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Wetlands and Aquatic Research Center - Florida
Cruise Log: 9/21/2009
Exploring the Deep: Geospatial Tools to Discovering Deep-Reef Ecosystems
Mike Rhode and Andrea Quattrini
Maps are graphical representations of spatial concepts and are important tools that have been used by humans for thousands of years. Some of the earliest evidence of cartography, or the science of map making, was found preserved in Babylonian clay tablets and date back as far as 2300 B.C. With the Greeks came the introduction of the concept of a round world, from ancient China the oldest existent star maps, and Arab geographers produced the first world atlas, which remained the most accurate map of the world for centuries to come. One of the most significant breakthroughs in cartography, however, was with the invention of printing. Up until that point maps were hand drawn and not widely distributed. It was the printing and dispersal of maps that helped to lead us into what was known as the Age of Exploration. During this age cartographers began producing maps based on exploratory observations and new surveying techniques, and with continued technological advances came additional breakthroughs and applications.
Geographical Information Systems
During the 1970-80s a major shift in cartography occurred. It was at this time that the traditional paper maps advanced into a new concept, a geographical information system or GIS. GIS is a type of mapping software that digitally manages and analyzes data linked to location. It combines remote sensing, land surveying, aerial photography, and geography with mathematics. GIS allows the user to create maps and analyze spatial data using a computer; therefore, information can be easily accessed, transferred and transformed. On this cruise, we are combining GIS with two other types of technology, multibeam sonar and navigational dive tracking. These tools allow us to map and plan our dive locations on the seafloor.
Multibeam data are collected by echo sounders, which are an array of acoustic transducers mounted to the hulls of ships. These echo sounders send out fan-shaped pulses of sound which are then reflected back off the ocean floor. When the acoustic signals return to the ship they are translated, allowing us to accurately map the topography of the seafloor. This technology has applications in both navigation and cutting edge exploratory research, like ours on deep-sea coral communities. After the multibeam digital data are collected and processed they are imported into GIS, and high-quality geospatial images are produced.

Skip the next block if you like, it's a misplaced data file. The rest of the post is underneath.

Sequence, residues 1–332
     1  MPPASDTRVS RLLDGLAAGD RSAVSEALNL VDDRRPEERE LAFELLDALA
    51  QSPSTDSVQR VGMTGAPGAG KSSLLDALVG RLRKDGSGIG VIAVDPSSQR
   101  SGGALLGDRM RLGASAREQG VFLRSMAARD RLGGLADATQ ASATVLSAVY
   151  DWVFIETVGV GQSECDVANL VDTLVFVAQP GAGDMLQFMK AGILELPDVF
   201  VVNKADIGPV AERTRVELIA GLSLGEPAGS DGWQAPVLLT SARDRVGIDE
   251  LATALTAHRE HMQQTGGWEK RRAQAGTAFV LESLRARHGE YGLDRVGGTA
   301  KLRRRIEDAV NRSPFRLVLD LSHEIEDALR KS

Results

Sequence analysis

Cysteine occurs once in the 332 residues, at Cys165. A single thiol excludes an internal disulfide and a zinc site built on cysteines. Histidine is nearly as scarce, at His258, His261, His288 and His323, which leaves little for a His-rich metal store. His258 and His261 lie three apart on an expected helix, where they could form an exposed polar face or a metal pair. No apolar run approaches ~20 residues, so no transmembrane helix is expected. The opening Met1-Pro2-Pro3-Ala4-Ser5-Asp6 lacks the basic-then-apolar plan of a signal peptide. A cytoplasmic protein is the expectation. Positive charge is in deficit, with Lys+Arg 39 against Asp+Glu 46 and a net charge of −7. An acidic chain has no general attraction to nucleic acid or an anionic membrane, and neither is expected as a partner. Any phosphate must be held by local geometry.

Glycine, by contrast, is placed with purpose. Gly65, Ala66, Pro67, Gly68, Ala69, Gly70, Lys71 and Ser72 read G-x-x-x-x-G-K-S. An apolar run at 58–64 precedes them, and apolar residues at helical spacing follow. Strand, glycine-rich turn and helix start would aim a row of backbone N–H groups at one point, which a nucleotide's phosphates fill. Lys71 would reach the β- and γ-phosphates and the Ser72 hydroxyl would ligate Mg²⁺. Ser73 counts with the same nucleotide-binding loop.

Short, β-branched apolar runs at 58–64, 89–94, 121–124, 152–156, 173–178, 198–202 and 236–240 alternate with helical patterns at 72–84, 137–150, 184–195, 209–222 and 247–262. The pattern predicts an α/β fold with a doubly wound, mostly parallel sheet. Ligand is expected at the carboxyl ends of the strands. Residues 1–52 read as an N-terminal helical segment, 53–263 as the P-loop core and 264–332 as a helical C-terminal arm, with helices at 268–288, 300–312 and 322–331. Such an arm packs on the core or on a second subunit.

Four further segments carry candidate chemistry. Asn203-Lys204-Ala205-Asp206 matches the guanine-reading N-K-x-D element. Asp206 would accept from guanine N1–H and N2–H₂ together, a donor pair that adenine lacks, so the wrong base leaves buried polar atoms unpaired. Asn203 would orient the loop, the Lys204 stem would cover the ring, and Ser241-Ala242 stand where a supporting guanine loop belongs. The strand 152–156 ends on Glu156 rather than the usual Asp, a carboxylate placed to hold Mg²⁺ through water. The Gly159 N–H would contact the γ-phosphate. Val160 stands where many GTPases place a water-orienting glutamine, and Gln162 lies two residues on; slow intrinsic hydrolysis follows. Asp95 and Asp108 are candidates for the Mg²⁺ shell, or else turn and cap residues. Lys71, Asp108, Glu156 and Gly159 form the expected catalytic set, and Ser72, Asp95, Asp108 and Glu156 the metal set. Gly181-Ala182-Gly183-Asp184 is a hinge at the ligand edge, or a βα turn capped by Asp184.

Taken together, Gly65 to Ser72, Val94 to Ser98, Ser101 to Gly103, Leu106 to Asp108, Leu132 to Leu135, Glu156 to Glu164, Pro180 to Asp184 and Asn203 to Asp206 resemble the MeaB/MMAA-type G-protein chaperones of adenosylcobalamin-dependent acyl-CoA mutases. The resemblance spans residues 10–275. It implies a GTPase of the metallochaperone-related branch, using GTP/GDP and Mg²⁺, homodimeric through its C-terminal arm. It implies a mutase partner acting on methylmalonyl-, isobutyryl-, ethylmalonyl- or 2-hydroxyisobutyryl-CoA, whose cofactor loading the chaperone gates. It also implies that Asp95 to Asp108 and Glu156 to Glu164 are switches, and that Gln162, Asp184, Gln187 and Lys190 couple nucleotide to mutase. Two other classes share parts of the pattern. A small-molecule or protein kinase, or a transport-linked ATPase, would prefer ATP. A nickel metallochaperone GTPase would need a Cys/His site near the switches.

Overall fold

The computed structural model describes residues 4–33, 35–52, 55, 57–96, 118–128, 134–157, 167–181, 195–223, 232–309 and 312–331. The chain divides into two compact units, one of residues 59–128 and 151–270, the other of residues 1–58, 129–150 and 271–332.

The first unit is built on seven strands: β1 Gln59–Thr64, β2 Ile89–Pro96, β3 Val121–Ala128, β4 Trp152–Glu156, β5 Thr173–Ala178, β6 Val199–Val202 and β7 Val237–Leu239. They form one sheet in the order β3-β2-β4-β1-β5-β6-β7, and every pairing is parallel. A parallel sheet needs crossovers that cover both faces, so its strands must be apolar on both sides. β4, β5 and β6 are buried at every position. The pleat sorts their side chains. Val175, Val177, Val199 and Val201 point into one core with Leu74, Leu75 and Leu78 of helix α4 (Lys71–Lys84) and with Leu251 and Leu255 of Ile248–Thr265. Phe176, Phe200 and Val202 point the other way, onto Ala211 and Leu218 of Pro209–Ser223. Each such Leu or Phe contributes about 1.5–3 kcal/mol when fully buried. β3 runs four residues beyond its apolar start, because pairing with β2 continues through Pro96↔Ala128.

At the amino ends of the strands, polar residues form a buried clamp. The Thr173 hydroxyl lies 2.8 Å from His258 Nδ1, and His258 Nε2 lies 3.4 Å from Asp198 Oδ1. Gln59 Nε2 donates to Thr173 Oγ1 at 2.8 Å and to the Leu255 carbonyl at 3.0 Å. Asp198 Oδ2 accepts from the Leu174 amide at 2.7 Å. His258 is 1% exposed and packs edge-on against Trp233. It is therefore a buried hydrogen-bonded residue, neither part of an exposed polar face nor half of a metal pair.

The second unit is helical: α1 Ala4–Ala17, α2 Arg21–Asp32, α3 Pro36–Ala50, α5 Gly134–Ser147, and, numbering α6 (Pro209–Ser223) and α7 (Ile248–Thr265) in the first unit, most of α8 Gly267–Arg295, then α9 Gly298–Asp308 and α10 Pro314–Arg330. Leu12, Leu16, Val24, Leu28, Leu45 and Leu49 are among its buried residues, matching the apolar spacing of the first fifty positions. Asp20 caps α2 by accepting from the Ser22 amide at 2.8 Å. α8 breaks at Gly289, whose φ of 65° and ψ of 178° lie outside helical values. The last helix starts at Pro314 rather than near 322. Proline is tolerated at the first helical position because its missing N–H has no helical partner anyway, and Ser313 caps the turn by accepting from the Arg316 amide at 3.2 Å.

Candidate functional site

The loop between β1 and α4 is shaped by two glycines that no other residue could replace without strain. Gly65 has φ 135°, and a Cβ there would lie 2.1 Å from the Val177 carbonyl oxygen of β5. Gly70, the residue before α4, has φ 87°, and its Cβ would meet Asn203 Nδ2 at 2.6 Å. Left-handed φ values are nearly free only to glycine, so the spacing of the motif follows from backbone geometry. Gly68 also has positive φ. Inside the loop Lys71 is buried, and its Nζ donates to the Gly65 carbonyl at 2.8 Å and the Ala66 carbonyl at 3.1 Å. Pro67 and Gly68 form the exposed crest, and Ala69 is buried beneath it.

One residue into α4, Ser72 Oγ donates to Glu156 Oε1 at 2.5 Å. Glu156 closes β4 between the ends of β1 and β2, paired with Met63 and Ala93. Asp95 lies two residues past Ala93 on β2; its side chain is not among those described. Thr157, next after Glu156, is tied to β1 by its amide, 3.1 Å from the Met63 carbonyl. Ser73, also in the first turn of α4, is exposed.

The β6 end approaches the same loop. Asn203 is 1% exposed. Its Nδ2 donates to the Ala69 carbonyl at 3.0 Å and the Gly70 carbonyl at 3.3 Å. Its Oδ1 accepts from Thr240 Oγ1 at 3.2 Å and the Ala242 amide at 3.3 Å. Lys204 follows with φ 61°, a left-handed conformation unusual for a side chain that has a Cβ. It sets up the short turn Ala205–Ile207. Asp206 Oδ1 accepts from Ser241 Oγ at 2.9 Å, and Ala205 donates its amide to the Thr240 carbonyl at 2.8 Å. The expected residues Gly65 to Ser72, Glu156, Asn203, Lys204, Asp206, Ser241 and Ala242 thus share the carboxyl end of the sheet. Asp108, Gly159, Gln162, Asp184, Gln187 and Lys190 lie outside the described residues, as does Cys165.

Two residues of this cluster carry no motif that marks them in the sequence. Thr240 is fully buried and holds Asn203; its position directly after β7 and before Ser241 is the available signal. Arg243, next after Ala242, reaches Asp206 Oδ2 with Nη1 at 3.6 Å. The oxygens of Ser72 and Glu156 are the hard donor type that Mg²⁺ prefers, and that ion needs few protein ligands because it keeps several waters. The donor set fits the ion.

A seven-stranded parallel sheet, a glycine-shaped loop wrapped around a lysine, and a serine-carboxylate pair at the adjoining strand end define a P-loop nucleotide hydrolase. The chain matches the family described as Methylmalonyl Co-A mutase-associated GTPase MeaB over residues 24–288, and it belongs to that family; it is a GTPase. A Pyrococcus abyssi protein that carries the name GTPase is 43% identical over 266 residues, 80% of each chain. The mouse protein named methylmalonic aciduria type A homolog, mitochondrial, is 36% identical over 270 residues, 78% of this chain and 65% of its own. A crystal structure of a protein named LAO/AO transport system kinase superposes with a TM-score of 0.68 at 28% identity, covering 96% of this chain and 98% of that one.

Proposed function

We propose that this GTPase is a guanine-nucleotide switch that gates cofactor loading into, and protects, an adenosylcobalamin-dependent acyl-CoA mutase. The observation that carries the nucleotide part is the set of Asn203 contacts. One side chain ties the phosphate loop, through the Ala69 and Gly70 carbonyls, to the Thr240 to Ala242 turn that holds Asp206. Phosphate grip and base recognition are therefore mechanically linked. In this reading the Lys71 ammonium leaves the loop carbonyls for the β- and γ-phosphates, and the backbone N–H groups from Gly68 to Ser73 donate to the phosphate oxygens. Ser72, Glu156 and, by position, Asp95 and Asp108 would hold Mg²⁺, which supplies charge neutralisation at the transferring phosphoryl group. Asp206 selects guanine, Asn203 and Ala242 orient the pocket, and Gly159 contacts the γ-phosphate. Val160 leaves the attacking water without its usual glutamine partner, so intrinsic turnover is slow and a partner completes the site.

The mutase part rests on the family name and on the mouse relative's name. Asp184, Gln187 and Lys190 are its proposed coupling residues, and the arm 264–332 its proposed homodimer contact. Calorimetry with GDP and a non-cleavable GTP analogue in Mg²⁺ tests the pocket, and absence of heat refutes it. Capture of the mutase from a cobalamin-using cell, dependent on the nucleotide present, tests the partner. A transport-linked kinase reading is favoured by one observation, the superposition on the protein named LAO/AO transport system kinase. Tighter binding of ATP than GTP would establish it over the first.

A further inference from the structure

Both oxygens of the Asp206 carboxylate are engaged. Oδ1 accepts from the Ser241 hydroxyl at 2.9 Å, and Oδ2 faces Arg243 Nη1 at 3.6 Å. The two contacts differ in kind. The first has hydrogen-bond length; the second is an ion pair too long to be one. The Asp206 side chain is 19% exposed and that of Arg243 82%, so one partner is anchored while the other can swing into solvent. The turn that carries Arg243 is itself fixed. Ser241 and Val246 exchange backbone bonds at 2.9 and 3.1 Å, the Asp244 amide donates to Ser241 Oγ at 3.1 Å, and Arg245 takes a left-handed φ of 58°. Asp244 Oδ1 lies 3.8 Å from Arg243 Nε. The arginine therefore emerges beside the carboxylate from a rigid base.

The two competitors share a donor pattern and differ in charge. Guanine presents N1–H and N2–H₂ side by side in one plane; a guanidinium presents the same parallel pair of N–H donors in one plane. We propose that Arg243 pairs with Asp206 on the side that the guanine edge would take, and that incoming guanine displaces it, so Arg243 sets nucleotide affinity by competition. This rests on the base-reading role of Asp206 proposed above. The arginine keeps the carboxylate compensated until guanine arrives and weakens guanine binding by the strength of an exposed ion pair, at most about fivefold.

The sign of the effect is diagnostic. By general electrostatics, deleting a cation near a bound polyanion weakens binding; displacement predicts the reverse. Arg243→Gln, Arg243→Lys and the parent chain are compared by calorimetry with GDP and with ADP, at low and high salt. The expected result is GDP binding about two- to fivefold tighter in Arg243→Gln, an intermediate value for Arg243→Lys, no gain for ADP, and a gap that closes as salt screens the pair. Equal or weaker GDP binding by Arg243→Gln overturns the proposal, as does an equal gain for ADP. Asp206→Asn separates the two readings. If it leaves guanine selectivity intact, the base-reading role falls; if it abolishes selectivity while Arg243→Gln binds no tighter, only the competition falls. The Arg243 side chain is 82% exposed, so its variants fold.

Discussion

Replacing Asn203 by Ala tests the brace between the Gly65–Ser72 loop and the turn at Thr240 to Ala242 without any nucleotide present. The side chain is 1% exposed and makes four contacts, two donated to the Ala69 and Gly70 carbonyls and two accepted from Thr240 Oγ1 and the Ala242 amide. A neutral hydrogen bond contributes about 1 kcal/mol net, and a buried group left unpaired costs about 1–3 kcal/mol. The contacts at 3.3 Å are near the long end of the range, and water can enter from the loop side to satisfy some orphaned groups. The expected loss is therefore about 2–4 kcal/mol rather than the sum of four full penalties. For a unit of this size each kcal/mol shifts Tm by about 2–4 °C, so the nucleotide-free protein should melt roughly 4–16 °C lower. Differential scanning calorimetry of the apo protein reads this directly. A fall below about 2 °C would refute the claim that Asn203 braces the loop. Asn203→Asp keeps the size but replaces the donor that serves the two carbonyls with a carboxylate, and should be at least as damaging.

Tracking the Johnson Sea-Link
Getting to our study sites is an expensive and difficult task. The maps produced using GIS allow us to determine optimal target locations for each Johnson Sea-Link (JSL) dive. During each dive, the locations of the submersible on the seafloor are tracked from the surface vessel. Both the science and submersible crew can watch the JSL move across the bottom in real-time, knowing the location of it during the entire dive. They can also communicate with the JSL and provide target locations for the JSL to move to during the dive. These data can then be imported into GIS and overlaid onto three dimensional topographical maps (created from multibeam) of our sites immediately after each dive.
By continuously uploading huge amounts of data collected while at sea, efforts can be directed towards productive, target areas. Specifically, overlaying our collection data and video with the multibeam maps enables us to pin point the locations of deep-sea coral habitats. This allows us to better understand the relationships between deep-coral habitats and the communities associated with them in real time. Data can also be animated to create virtual "flyovers" of sites and to show how sites change over time, displaying trends in the quality and productivity of these habitats. It is also important for this information to be accurately shared with other scientists, government agencies and the public. For this reason, GIS plays a very important role not only in our research, but also in our continued "Age of Exploration!"
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